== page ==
3) the text you're reading is an adapted version. during 100's of years of copying alot of interesting facts were lost.
there only are a few texts we can be sure of they are original.

it may seem in my last post that all the writers and upper class people werent religious. this wasnt true at all and im sorry if it seemed that way.

not all the great writers were atheists aswel, but f.e. Homerus and Horatius were

Offline Ambassador Pony

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Re: Ancient Romans [#1156]
« Reply #9 on: March 14, 2009, 06:18:57 AM »
What is your first language, Thomas?

You believe evolution and there is no evidence for that. Where is the fossil record of a half man half ape. I've only ever heard about it in reading.

Offline Thomas

Re: Ancient Romans [#1156]
« Reply #10 on: March 14, 2009, 08:38:40 AM »
What is your first language, Thomas?



is it that obvious?  ;D

yes, english isnt my first language indeed... I live in Belgium and my first language is Dutch
I pretty much speak dutch, french, english, latin, and german. (but I dont actually speak latin ^^)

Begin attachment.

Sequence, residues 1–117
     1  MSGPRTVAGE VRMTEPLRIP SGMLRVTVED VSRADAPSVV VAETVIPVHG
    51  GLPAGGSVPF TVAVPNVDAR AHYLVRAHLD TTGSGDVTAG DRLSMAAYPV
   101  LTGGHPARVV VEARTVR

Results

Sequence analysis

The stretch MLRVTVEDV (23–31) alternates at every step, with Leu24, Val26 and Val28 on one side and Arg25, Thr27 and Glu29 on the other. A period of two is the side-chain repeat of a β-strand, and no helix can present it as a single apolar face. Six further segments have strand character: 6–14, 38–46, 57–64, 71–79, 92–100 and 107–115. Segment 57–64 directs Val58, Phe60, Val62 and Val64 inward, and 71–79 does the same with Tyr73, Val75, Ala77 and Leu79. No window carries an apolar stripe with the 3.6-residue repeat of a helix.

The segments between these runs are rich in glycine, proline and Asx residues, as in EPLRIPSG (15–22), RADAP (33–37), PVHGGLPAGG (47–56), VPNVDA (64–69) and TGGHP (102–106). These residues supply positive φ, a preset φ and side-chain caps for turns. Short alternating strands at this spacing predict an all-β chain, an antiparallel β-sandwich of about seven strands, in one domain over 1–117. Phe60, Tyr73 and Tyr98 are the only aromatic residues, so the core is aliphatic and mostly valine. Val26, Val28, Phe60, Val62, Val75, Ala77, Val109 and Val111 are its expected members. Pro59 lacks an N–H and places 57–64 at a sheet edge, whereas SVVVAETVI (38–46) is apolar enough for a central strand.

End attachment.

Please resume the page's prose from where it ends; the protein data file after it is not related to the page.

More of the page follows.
but not that good though..

why do you ask?

« Last Edit: March 14, 2009, 08:47:33 AM by Thomas »

Offline Ambassador Pony

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Re: Ancient Romans [#1156]
« Reply #11 on: March 14, 2009, 09:13:10 AM »
Curious.

Quand tu oublies des mots en Anglais, tu peux les dires en Fran├žais, ou en Allemand et je peux t'aider. 
You believe evolution and there is no evidence for that. Where is the fossil record of a half man half ape. I've only ever heard about it in reading.

Offline Thomas

Re: Ancient Romans [#1156]
« Reply #12 on: March 14, 2009, 09:51:30 AM »
Curious.

Quand tu oublies des mots en Anglais, tu peux les dires en Fran├žais, ou en Allemand et je peux t'aider. 

oh merci, I'll keep it in mind ;)